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Draft battery swapping policy may prove to be a game-changer for EVs

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Draft battery swapping policy may prove to be a game-changer for EVs

In the Union Budget 2022, Finance Minister Nirmala Sitharaman had announced that the Government was set to roll out a battery swapping policy, in a bid to reduce upfront costs of purchasing EVs and drive adoption among buyers. The Government think-tank Niti Aayog came up with the policy draft on April 21 and has invited comments on it until June 5. Once in force, the policy is sure to prove a game-changer for EV adoption in the country. 


A draft battery swapping policy, released by Government think-tank Niti Aayog recently, is bound to give a big boost to EV ecosystem in the country. It is an established fact that while the adoption of electric vehicles is constantly on the rise, the existing charging infrastructure is highly inadequate. A strong push to battery swapping is essential to encourage more and more people to shift from ICE-run vehicles to EVs.   

Battery swapping is a mechanism that involves exchanging discharged batteries for charged ones. This provides the flexibility to charge these batteries separately by de-linking charging and battery usage, and keeps the vehicle in operational mode with negligible downtime. Though battery swapping is generally used for smaller vehicles with smaller batteries, solutions are being explored to do this for larger segments like four-wheelers and e-buses as well.

  • All metropolitan cities with a population above 40 lakh will be prioritised for development of battery swapping network under the first phase.
  • The policy proposes to offer same incentives available to EVs that come pre-equipped with a fixed battery to electric vehicles with swappable batteries.

According to the draft up for consultation, all metropolitan cities with a population above 40 lakh will be prioritised for development of battery swapping network under the first phase. All major cities such as state Capitals, UT headquarters and cities with population above 5 lakh will be covered under the second phase.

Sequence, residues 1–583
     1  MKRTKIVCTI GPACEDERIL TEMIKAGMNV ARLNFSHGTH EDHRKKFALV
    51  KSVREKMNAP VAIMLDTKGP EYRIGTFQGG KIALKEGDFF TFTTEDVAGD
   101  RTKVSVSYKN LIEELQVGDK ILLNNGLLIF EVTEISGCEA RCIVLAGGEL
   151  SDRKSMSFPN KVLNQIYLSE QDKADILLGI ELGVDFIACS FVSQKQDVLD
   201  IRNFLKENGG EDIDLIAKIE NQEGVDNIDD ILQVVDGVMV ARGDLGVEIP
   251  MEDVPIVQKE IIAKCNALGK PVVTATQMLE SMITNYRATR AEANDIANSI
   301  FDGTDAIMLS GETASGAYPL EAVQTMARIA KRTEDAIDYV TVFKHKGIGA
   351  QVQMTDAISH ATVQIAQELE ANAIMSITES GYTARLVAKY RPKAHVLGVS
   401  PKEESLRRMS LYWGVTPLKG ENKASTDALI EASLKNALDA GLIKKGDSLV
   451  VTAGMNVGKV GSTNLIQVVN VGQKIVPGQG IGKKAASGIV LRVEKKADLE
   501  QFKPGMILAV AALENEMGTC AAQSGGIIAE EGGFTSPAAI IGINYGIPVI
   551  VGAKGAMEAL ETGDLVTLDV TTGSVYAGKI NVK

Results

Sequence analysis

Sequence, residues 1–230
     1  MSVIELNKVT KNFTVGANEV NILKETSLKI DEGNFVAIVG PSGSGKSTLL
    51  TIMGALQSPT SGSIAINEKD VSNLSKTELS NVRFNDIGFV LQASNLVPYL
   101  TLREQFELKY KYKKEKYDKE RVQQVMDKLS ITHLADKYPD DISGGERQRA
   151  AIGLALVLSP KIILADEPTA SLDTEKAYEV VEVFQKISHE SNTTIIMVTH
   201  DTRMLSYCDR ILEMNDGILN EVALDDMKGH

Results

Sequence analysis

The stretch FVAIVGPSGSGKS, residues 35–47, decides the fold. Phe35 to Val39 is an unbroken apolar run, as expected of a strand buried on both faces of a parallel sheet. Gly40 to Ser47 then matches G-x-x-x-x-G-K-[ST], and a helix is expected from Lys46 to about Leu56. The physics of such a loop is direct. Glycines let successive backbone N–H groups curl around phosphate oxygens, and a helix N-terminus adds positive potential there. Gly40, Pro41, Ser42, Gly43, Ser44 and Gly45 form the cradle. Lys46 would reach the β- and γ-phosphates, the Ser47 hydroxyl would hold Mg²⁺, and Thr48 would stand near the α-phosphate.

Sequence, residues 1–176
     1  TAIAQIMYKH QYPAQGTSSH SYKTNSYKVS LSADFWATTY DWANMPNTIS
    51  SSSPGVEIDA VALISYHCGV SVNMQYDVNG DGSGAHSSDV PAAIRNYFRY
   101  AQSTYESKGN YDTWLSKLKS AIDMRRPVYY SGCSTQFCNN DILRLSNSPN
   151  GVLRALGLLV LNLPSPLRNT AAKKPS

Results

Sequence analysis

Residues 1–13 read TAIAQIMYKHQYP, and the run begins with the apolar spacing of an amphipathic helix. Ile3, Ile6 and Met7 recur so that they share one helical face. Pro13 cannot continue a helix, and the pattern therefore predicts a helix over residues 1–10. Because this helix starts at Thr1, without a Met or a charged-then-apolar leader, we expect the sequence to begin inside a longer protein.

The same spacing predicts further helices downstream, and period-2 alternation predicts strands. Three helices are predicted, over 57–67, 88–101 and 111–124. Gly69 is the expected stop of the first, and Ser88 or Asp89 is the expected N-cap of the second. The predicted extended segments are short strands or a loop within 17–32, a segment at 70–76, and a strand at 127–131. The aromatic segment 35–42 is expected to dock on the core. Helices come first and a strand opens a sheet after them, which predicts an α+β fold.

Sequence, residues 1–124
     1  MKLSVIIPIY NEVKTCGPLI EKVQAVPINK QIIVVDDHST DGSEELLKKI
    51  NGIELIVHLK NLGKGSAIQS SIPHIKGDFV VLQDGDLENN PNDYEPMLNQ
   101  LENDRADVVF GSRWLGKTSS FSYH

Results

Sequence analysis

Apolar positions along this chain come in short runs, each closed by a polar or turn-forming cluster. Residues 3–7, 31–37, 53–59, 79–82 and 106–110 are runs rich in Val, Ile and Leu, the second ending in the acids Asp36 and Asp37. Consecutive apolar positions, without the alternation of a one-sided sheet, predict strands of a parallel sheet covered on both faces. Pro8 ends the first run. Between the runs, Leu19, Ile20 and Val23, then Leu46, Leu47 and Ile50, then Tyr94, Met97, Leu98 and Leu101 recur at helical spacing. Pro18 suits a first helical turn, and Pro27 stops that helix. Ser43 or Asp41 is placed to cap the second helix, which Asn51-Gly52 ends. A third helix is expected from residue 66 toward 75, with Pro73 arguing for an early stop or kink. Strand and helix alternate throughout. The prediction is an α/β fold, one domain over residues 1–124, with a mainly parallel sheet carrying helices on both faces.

The policy further proposed that vehicles with swappable batteries will be sold without a battery, providing the benefit of lower purchase costs to potential EV owners. It said any individual or entity is free to set up a battery swapping station at any location, provided that the specified technical, safety and performance standards are adhered to.

The draft policy has suggested that the GST Council consider reducing the differential across the tax rates on lithium-ion batteries and electric vehicle supply equipment. Currently, the tax rate on the former is 18 per cent, and 5 per cent on the latter.

The policy also proposes to offer the same incentives available to electric vehicles that come pre-equipped with a fixed battery to electric vehicles with swappable batteries. “The size of the incentive could be determined based on the kWh (kilowatt hour) rating of the battery and compatible EV,” the draft policy states. According to an official statement, Niti Aayog held an inter-ministerial discussion to formulate a robust and comprehensive battery swapping policy framework in February 2022. It also held an extensive pre-draft stakeholder discussion with a wide spectrum of stakeholders representing battery swapping operators, battery manufacturers, vehicle OEMs, financial institutions, think-tanks and other experts.

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